Backpacks and Materials Ready for 2024 School Year
Vice President Rosario Murillo reported on Jan. 8 that the government is ready to start distributing backpacks and school materials for the 2024 educational cycle which begins soon. These will go to approximately one million students. Sixty thousand briefcases and other materials will go to teachers. Murillo explained that the school kits contain pencils, pens, colored pencils, erasers, notebooks, blocks, glue, cards, everything that is required for classes. (La Primerisima, 8 January 2024)

Tourism Grew in 2023
The Nicaragua Tourism Board (INTUR) reported that 1.1 million tourists visited the country in 2023, contributing US$600 million to the national economy, an 18.1% increase over the previous year. INTUR Co-director Anasha Campbell stated that “the results obtained reflect the level of recovery and growth that Nicaragua tourism is experiencing. This is largely due to an increase in the quantity and quality of the national offer and the expansion of air connectivity to Nicaragua.” (Nicaragua News, 9 January 2024)

Promoting Greater Female Entrepreneurship
The director of the government microloan program called Zero Usury, Leonor Corea, reported that, in 2023, US$73 million was provided to 156,500 women to install or expand small businesses in the 153 municipalities of the country, promoting female entrepreneurship and thus expanding the contribution of the program to the revitalization of the national economy. The Zero Usury program is part of the Plan to Strengthen Productive and Organizational Capabilities of the Creative Economy Model, that the government is implementing in support of female entrepreneurship. (Nicaragua News, 9 January 2024)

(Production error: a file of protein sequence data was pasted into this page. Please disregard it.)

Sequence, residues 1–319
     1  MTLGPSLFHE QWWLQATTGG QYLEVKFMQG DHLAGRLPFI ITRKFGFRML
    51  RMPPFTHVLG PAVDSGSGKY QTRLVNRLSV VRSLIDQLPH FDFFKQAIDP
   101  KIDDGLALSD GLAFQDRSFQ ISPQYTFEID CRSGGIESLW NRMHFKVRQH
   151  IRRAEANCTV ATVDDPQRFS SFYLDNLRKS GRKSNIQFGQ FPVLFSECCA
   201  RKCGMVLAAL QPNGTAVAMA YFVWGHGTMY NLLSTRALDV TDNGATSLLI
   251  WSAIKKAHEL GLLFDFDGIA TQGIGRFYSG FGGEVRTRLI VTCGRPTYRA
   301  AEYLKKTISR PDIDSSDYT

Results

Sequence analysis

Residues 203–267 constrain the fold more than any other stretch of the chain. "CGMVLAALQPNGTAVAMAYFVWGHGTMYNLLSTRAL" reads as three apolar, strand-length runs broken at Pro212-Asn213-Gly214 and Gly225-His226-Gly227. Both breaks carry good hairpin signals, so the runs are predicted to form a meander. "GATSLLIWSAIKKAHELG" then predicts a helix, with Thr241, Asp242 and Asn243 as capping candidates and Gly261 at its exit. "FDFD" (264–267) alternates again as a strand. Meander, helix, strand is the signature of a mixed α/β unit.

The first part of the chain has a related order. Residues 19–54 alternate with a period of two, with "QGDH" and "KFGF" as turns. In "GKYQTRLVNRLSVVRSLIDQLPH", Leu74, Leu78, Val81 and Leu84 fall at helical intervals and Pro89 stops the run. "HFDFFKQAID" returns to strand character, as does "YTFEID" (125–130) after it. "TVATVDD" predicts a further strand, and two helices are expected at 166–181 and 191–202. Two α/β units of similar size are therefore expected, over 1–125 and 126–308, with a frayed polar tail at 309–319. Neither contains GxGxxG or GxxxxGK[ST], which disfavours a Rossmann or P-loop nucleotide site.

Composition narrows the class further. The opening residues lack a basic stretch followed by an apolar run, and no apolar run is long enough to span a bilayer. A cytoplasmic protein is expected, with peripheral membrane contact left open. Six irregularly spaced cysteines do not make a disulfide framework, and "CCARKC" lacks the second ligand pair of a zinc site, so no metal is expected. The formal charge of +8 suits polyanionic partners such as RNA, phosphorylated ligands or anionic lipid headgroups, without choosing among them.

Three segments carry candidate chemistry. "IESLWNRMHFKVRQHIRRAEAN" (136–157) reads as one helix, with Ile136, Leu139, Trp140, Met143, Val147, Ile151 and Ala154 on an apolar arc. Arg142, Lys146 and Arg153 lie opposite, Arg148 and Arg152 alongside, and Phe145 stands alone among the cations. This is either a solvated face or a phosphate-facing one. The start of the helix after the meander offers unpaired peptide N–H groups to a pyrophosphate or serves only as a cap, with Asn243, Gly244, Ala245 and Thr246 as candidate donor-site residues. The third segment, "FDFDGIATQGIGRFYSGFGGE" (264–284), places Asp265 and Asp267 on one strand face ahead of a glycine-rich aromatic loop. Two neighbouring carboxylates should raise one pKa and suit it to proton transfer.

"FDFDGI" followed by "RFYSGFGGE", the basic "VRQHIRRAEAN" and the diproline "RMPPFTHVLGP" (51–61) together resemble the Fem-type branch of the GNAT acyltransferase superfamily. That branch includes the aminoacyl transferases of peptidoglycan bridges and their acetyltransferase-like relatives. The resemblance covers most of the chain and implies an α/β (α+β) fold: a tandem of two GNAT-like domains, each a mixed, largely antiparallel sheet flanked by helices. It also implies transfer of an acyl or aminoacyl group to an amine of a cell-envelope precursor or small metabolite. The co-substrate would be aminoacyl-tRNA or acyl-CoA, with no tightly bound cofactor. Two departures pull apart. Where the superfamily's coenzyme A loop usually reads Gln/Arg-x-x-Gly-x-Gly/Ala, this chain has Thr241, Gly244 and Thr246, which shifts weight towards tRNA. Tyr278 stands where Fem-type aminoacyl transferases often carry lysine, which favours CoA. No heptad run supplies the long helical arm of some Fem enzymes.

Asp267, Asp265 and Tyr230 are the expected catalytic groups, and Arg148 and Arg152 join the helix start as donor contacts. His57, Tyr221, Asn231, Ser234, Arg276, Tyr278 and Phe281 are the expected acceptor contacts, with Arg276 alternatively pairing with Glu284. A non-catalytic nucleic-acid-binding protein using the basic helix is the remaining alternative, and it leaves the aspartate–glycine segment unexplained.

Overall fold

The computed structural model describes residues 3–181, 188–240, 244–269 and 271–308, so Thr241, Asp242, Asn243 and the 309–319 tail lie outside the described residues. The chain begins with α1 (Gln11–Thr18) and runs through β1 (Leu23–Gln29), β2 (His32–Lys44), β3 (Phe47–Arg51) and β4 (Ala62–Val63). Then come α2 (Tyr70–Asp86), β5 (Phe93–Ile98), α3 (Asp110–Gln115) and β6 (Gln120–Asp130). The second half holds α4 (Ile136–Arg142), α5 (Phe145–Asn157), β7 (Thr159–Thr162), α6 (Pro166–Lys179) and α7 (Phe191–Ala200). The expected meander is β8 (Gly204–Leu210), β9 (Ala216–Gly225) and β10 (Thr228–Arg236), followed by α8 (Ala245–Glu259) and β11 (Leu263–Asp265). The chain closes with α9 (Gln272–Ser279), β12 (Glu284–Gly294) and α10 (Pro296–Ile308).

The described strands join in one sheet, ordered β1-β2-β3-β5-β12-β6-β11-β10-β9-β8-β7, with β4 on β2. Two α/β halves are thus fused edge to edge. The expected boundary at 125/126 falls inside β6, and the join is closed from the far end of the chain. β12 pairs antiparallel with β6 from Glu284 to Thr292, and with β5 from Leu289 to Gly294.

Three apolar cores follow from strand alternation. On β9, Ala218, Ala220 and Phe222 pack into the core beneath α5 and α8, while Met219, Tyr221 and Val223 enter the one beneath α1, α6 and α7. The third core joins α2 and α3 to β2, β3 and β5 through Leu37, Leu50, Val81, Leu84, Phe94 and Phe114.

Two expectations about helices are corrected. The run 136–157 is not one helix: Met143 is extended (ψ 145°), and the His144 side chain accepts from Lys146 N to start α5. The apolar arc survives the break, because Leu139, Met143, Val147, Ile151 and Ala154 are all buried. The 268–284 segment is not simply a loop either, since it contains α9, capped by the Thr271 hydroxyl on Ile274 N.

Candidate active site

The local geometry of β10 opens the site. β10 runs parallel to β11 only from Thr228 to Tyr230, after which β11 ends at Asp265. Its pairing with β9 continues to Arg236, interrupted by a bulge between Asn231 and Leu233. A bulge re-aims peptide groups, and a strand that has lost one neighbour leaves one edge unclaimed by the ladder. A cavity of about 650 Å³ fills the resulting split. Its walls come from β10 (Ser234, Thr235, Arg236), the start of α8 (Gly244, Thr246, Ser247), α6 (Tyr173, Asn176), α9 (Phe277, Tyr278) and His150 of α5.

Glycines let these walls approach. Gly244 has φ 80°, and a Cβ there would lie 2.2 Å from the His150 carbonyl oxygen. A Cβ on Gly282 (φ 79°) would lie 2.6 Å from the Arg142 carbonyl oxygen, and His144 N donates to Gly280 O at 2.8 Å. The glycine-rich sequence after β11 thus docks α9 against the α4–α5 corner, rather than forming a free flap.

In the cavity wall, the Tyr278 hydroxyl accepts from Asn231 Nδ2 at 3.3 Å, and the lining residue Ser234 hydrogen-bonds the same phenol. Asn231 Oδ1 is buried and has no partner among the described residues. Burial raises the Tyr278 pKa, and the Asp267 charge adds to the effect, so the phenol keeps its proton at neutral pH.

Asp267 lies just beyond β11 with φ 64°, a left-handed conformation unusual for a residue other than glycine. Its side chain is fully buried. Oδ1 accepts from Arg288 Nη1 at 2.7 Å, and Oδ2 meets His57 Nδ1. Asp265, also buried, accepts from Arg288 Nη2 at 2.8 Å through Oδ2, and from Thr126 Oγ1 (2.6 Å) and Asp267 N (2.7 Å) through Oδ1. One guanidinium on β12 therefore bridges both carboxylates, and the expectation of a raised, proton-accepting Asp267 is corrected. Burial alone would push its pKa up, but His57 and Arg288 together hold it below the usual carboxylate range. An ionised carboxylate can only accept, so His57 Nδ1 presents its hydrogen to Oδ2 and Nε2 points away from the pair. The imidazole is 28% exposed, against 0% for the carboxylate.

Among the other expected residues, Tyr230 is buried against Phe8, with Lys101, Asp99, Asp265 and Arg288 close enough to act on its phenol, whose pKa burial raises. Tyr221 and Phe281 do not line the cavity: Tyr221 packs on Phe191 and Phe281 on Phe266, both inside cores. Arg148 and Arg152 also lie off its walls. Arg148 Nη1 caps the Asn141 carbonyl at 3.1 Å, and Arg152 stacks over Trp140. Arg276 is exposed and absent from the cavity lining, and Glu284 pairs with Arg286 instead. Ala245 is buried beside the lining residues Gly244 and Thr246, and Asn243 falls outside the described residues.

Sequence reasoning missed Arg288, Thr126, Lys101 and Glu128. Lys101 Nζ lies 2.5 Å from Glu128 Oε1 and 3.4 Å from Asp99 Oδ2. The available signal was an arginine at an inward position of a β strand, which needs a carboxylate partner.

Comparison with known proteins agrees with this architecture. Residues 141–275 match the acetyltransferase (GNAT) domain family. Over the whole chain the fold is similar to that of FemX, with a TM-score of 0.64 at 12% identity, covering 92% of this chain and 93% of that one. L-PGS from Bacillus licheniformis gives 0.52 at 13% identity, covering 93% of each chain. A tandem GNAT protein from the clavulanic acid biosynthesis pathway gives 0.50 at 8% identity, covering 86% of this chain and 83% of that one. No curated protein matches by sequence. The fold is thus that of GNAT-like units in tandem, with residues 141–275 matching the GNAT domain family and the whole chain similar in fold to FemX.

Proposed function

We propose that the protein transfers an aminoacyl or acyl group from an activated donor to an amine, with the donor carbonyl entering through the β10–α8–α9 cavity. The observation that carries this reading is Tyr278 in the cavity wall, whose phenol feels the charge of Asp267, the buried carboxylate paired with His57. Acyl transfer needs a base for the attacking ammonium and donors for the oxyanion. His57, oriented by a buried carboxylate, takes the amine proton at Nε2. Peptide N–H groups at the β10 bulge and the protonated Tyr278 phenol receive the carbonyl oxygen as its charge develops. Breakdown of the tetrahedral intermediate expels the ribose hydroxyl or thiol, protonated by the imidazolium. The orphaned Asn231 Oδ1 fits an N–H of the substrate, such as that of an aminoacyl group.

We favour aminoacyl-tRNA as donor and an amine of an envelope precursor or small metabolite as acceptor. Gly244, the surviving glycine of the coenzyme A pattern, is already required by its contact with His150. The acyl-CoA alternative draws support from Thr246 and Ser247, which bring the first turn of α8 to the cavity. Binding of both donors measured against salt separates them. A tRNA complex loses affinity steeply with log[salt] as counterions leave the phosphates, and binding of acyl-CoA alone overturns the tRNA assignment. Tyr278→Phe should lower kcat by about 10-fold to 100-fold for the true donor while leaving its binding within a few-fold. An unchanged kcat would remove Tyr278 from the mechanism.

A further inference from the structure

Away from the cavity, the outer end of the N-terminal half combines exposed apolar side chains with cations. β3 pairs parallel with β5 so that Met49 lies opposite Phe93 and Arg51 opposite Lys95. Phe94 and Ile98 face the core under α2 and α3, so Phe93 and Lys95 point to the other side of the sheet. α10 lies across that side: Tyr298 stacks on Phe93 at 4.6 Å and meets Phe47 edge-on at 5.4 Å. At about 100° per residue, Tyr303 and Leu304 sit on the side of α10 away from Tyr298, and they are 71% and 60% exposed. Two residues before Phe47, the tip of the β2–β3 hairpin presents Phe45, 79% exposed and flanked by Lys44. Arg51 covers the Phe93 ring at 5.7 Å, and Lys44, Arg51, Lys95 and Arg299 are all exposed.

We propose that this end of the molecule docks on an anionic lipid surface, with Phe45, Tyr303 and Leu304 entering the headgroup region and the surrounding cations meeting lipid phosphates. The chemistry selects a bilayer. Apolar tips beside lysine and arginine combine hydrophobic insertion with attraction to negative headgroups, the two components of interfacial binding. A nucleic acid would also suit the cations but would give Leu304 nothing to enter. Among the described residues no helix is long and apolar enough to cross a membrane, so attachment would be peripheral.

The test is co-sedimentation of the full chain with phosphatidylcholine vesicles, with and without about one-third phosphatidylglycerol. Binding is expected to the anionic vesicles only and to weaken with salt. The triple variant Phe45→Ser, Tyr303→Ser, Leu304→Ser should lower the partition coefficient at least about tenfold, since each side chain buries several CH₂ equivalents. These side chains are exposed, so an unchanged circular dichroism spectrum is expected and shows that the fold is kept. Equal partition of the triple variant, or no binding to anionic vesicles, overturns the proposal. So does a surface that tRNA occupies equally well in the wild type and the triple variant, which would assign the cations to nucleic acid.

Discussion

Government to Build 428 Sports Infrastructure Projects
During 2024 the government will execute 428 projects to promote sports and recreation, including construction of new facilities and rebuilding of existing sports facilities. A report details that among the projects to be built, improved or repaired are 153 stadiums, 119 sports courts, 20 multipurpose sports centers, 77 sports fields, 13 gymnasiums, 29 sports centers, 6 swimming pools and water parks. Eleven plots of land will also be acquired to build new sports facilities. To see the complete list go to: (La Primerisima, 8 January 2024)

President Ortega Has Highest Approval Rating in Recent Years
The administration of President Daniel Ortega’s government reached the highest approval in recent years with 83.4%, according to the latest opinion poll released on Jan. 8 by the firm M&R Consultores. According to the company, Ortega has sustained a growth in the citizens’ approval, highlighting as positive the public policies promoted during his administration. “President Ortega in his second year, during his first term, in December 2008, had 34.5% approval; then in his second term, in December 2013, he had 65.3%, increasing by 30 points; in December 2018, despite the attempted coup, he remained at 54.6%, lower than the second term, down a few points, but he is always above 50%. And today in the second year of his fourth period, his approval rating is 83.4%, that is, it is the best rated government period of the last 30 years of the country,” highlighted Obregón, head of M&R Consultores. The poll indicated that 87.3% consider that the Ortega government works for the interests of the population in general and that 84.3% consider that the President seeks unity and reconciliation among Nicaraguans. (La Primerisima, 9 January 2024)